50. 50. Download free ebooks at bookboon.com Automation and Robotics 50 Design of speakers production: assembly line of capacity 180,000/month, 15 product variants 2.4 Assembly technique sequence for coil 16 and center oscillator, corrugated flat diaphragm 14 in body 1 The sequence of individual assembly operations could be the following: Item No. Designation Description Fixture or manually Time [sec] Remarks Opera- tion No. Stage 1 2 3 4 5 6 7 1 I 01 Positioning diaphragm 14 with the coil 16 in the work station fixture 3 Specialised work post No.1 2 I 02 Installation of dolly on d4 manually 5 Specialised work post No.1 3 I 03 Applying the adhesive 26 on d10 manually 10 Specialised work post No.1 4 I 04 Positioning body 1 face down on 14 and 16 with the dolly inserted through d7 manually 5 Specialised work post No.1 5 II 01 Moving 1 with 14 and 16 horizontally along with the dolly until dolly engages with mechanical jig fixture 3 Work post No.1 or besides (or on the conveyor) 6 II 02 Time for glue setting fixture 10 7 II 03 Dolly removal in axial direction fixture 3 Using conveyor movement 2.4.1 Diagrams showing assembly operations to be performed – Figure 3 Note: Part designation numbers of the loudspeaker is identical with Figure 2.
  51. 51. Download free ebooks at bookboon.com Automation and Robotics 51 Design of speakers production: assembly line of capacity 180,000/month, 15 product variants 1. Operation I, Stage 01 Figure 3a 1. Fixture in work post No.1 F01;2. Parts 14 + 16; 3. “Dolly”; 4. Surface with applied glue; 5. Part No.1. 2. Operation I Stage 02 Figure 3b 3. Operation I Stage 04 Position 3 is fixed – to be held manually until inserted through opening d5 into part No.1. Pressed to be glued along 4. Figure 3c
  52. 52. Download free ebooks at bookboon.com Pleaseclicktheadvert Automation and Robotics 52 Design of speakers production: assembly line of capacity 180,000/month, 15 product variants 2.5 Concept for mechanised “dolly” removal, Figure 4 Removal of nylon “dolly” from the coil winding and the opening d5 on part No.1 (Figure 2) could be carried out by means of exerting axial pull action (+Z) using a special pulling device. This device could be installed on work post No.1 or close to it. Alternatively, it could be mounted in the area between work posts No. 1 and No.2; one used for assembling items 1, 14 and 16 of the product and No.2 used for subsequent assembly operations in the assembly process sequence. 2.5.1 Description and operation (Figure 4) When assembly operation I 04 is complete we proceed with operation II 01 with the fixture F01, item 2 moved along with parts 1, 14, 16 and the “dolly” installed over them to Z1- until inserted into the opening of the horizontal arm 1b of the pulling device. It in turn performs operation II 03 with the arm 1a moving vertically along the +Z axis along with 1b sliding along the guide 1c, which represents a bracket- supported fixed column. The arm 1a is fixed statically to another column 1e, which is in turn fixed along Z. A reel is installed on a pin in the bottom section of the column 1e such that the column 1e slides into two guides 1d, which are in turn fixed to 1c. Items 1, 14 and 16 are supported to prevent movement along the Z-axis in position Z1by the support 6. Do you want your Dream Job? More customers get their dream job by using RedStarResume than any other resume service. RedStarResume can help you with your job application and CV. Go to: Redstarresume.com Use code “BOOKBOON” and save up to $15 (enter the discount code in the “Discount Code Box”)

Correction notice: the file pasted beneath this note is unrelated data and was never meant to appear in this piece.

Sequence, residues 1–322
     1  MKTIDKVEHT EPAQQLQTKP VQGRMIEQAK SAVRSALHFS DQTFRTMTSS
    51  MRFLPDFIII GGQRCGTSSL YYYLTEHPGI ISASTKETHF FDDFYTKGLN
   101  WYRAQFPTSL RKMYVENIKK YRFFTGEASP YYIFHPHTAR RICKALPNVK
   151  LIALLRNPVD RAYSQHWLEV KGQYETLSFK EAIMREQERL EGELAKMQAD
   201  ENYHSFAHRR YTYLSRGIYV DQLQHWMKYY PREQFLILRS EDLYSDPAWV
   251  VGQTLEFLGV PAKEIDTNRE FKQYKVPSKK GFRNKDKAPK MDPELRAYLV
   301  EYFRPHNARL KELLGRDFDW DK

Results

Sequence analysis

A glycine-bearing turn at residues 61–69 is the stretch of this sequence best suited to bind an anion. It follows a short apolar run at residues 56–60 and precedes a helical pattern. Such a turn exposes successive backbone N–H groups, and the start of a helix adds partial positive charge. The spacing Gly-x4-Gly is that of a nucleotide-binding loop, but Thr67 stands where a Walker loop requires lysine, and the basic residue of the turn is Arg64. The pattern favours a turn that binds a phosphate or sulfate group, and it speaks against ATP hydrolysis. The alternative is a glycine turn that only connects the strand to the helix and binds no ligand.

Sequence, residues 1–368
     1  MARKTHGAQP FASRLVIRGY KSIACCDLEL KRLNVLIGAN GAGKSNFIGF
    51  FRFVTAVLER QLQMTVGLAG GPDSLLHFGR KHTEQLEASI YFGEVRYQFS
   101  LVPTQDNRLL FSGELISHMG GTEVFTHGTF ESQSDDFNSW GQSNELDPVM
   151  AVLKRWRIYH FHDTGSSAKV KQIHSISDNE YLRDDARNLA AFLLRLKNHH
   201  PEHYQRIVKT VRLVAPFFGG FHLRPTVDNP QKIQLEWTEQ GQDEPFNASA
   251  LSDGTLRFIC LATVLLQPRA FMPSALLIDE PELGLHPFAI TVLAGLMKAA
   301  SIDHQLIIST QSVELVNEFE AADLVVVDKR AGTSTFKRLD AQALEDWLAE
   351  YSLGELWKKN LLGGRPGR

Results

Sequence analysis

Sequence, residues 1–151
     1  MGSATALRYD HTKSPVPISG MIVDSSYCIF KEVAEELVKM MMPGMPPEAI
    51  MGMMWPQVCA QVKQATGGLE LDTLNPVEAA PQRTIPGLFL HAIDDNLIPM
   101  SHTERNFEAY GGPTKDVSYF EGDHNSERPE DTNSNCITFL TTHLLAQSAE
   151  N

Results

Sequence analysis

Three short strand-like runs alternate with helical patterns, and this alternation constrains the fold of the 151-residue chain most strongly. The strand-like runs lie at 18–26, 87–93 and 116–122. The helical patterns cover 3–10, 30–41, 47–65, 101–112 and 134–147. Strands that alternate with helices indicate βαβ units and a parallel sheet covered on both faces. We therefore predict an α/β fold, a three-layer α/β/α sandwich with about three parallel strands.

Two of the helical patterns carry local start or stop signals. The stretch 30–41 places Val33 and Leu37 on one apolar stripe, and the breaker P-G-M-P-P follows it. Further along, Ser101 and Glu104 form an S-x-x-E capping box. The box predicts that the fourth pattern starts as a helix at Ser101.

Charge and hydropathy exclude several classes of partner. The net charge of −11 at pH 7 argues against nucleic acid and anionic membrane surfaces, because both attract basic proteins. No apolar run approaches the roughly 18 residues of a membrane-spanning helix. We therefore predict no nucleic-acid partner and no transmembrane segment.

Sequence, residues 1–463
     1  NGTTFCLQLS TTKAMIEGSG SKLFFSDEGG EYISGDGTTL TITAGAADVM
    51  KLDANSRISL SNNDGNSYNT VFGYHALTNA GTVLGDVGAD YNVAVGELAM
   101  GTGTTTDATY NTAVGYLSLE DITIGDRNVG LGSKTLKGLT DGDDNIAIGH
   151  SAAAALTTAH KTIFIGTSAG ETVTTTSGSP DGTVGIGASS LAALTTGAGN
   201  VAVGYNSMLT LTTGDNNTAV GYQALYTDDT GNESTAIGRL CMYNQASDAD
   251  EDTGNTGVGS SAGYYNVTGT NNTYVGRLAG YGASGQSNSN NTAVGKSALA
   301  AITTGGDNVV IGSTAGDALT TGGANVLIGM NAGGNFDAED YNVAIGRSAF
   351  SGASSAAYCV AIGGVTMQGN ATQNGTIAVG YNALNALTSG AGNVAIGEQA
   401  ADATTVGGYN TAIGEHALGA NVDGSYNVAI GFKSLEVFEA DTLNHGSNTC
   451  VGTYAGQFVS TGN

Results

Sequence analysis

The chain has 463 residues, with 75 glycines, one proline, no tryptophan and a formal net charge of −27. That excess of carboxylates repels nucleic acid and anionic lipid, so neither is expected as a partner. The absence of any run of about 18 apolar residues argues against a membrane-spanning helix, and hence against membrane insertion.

53. 53. Download free ebooks at bookboon.com Automation and Robotics 53 Design of speakers production: assembly line of capacity 180,000/month, 15 product variants 2.6 Using conveyor movement for the removal of the “dolly” (Figure 4) The lever, column 1e moves vertically in the +Z direction after the reel 1f contacts the slanted “lifter” plane 5 mounted on the conveyor’s side. Items 1f, 1e, 1a and 1b move by gravity and forced by the “dolly” and the tension spring 1g. Figure 4 1. “Dolly” removal device 2. Assembly fixture for items 1, 14 and 16 of the loudspeaker 3. A certain (model of) product having items 1+14+16 assembled on it 4. Conveyor (assembly line) 5. Lifter (slanted double plane) 6. Support along the Z axis 1a to 1g are components constituting the removal device (Item 1 above)
  54. 54. Download free ebooks at bookboon.com Automation and Robotics 54 Design of speakers production: assembly line of capacity 180,000/month, 15 product variants 2.7 Possible organisation of work posts No.1 and No.2 and mounting of the “dolly” and the conveyor (Figure 5)  Figure 5 1. Work table between 3 and 4 2. 1 to n-number fixtures for performing assembly operation I (Table 1) 3. Work post and operator No.1 4. Work post No.2 (for subsequent assembly operation(s) 5. Dolly removal device according to item 1.5 and figure 4 above 6. Conveyor or assembly line 1a, 6a – parts from 1 and 6 2.7.1 Description of operation Operator No.1 performs assembly operation I 01 thru 04 on 1 and 2. The conveyor provides angular movement of 1 – a Geneva stop 1 along with the parts and (F01) 2 via the yokes 1a and reels 6a. The number of items 2 and the size of the angles  correspond to the time necessary for the glue to set and the speed rate of the conveyor so that there is sufficient number of semi-finished products available for operator No.2 to proceed.